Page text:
After an introductory walk around the 7th District and ride on the subway, Diane pointed out a mammoth bunker built during the WWII Nazi occupation. The multi- story edifice, or Esterhazy Park Tower now home to the Vienna State Aquarium, was built by the Nazis in the west end of the city to impede the flow of American and British bombers. The fascist monolith is an imposing structure, with odd-shaped semi circles jetting out on each of the building’s top four corners. Arterillery was once positioned on top of this huge block structure. “The Americans flew by day but the British had to fly by night because they couldn’t fly very high,” Diane told me, adding that smaller backup bunkers held generators, hospital beds, and doctors, or everything that was needed to back up the main tower.
During WW II, Allied bombers destroyed nearly 30% of the city during the 56 or so major air raids of the war.
We headed over to St. Stephen’s cathedral. The massive church with the multicolored roof was built on two earlier churches (the first was established in 1147). St. Stephen’s is known as the church of Mozart. It was here that Mozart worshiped and was married. “He never lived far from the cathedral,” Diane told me, “he was very religious, almost superstitiously so.” The cathedral was nearly turned to ashes and debris by retreating German armies in WW II but a local Captain ignored demands for its demolition. Unfortunately, restoration scaffolding currently covers the front of the cathedral but still in evidence are numerous bullet holes embedded into the stone. During the war, 90% of the cathedral’s 14th century Gothic glass stained windows were destroyed except for three long panels behind the high altar. Resistance fighters held regular meetings in the cathedral’s catacombs.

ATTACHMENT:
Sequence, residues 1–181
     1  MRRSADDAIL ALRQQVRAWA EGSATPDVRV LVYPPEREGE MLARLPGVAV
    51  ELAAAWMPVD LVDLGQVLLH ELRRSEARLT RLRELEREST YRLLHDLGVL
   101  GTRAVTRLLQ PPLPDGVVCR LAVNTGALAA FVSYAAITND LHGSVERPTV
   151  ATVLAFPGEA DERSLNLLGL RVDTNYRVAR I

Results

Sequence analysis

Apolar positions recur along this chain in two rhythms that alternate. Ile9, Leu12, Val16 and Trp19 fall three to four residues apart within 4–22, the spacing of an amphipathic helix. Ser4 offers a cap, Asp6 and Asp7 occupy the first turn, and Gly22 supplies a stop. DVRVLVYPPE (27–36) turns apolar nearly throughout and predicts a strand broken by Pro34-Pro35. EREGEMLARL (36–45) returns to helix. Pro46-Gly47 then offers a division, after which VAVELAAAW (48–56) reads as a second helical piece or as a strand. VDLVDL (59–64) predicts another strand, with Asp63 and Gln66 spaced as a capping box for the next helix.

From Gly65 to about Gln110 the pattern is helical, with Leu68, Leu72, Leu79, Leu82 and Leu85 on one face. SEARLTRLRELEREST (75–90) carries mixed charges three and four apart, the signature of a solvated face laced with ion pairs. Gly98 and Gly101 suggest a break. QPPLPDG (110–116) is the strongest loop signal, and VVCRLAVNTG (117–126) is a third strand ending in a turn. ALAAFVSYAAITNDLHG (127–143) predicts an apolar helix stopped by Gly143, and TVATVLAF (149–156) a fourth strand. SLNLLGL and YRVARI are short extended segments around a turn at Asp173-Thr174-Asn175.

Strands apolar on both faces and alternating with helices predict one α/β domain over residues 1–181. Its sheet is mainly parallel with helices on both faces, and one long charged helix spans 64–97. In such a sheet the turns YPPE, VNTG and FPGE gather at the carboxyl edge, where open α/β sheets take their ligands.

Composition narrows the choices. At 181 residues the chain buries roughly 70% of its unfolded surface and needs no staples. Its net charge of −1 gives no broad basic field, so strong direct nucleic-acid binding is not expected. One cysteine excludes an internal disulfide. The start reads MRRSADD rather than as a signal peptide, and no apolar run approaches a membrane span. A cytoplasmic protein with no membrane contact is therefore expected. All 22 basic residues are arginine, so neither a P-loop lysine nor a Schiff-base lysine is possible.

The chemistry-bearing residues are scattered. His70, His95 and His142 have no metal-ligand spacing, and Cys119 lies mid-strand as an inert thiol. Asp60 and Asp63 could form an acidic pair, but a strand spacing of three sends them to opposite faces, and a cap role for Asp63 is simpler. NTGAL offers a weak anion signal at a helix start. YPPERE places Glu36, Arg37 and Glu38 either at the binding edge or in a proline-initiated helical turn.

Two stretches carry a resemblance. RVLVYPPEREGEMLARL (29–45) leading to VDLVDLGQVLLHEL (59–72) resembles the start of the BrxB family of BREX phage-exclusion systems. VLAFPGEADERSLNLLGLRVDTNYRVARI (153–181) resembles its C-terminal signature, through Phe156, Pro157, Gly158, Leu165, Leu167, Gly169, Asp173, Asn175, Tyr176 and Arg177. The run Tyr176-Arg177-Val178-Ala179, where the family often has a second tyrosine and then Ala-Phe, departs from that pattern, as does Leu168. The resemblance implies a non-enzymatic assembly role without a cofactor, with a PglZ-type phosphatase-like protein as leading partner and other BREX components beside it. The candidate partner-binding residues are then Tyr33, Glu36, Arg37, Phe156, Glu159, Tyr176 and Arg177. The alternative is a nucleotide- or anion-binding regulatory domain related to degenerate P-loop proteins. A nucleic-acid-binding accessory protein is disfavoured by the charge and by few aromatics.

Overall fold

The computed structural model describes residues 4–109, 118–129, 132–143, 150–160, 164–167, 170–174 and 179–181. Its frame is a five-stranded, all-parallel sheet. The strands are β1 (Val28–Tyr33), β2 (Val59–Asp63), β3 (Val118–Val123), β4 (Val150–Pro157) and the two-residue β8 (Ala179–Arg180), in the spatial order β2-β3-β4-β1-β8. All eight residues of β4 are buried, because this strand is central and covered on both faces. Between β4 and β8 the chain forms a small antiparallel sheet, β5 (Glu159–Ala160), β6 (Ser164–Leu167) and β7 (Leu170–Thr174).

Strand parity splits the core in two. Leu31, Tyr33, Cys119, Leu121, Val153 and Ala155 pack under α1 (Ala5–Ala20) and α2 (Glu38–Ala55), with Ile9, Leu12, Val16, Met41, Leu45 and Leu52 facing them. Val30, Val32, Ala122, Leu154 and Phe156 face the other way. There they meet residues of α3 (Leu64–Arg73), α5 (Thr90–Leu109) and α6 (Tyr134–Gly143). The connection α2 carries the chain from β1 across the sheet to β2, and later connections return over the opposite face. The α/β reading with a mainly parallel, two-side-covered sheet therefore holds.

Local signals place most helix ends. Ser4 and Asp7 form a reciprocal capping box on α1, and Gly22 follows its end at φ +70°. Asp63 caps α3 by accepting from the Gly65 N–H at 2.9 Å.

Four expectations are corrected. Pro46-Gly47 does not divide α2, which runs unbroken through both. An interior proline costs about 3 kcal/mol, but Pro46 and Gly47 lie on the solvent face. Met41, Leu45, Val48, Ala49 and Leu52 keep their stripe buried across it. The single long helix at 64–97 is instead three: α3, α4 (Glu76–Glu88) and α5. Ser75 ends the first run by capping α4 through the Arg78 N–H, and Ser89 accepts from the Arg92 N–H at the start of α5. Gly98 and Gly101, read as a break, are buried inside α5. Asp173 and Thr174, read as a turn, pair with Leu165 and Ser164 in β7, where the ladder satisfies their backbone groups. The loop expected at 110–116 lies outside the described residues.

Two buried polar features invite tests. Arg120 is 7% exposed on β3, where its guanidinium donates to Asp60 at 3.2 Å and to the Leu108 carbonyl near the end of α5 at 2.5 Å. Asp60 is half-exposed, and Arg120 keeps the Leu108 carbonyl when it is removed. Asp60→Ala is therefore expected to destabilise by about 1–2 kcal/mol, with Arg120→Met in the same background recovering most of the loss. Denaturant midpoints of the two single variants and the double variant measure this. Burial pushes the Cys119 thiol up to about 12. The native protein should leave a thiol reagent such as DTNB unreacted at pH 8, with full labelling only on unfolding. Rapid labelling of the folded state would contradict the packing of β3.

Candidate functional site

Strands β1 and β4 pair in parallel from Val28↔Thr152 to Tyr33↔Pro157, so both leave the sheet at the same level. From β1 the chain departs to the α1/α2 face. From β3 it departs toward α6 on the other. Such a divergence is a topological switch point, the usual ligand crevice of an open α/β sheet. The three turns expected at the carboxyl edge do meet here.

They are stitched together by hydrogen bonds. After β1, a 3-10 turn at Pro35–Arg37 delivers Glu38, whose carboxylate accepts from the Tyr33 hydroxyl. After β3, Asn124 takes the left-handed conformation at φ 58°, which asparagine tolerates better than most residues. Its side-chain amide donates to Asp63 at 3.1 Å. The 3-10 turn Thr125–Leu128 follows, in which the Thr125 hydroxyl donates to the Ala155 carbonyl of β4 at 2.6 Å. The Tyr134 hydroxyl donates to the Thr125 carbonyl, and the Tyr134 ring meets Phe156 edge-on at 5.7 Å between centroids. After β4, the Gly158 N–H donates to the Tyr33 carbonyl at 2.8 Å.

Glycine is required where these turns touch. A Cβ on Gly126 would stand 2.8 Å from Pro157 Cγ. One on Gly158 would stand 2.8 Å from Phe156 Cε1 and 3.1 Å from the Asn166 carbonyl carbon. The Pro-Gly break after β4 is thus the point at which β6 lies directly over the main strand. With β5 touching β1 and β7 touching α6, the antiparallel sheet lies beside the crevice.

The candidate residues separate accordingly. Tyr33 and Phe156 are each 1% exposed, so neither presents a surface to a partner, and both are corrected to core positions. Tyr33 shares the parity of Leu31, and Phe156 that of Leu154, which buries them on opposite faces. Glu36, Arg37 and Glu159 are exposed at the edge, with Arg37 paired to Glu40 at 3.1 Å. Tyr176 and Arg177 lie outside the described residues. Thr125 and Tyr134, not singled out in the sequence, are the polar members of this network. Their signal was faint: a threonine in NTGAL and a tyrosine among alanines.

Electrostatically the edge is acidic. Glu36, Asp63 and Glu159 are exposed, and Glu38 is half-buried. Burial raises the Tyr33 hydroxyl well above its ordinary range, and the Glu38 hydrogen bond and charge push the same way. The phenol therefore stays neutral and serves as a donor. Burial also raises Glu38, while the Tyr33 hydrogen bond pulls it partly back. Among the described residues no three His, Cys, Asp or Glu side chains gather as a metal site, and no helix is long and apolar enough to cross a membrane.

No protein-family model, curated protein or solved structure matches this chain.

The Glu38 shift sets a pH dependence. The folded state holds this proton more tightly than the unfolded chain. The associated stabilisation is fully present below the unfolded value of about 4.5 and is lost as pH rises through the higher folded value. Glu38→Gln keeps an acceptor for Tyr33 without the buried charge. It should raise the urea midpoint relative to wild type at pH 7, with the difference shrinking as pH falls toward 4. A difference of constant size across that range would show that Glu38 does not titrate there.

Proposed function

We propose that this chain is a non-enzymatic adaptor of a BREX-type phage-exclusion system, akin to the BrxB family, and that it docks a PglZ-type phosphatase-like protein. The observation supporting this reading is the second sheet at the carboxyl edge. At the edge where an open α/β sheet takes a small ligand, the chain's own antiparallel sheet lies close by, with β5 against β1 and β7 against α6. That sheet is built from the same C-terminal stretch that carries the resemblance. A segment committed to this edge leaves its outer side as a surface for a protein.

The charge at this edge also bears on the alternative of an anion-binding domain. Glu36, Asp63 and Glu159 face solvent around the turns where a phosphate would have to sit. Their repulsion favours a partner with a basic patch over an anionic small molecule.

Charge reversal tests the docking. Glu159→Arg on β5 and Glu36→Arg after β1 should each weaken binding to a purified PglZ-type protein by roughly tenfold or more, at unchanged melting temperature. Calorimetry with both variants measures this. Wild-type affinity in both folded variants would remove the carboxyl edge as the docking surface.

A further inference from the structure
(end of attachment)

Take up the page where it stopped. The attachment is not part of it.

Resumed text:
Viennese Catholic churches are epicenters of light. Clusters of candle operas, hanging chandeliers and votive candles give many of the churches here a Russian Orthodox look. The post Vatican Council stone altar tables positioned in front of the magnificent Romanesque-Gothic high altars in many of the churches I visited seemed comical and even out of place. Who needs these ‘Julia Child tables’ in front of such historical beauty? The cathedral is home to a reputed miraculous icon of the Virgin Mary with the Child Jesus. When the so called Maria Pocs Byzantine-style icon, painted in 1676, first shed tears in 1696, Emperor Leopold I had it moved to the high altar, where it remained until 1945. After 1945 the icon was moved towards the front of the church where it once again began to shed tears. A large number of people prayed before the icon as tourists made their way to one of the cathedral’s 18 side altars or formal side chapels.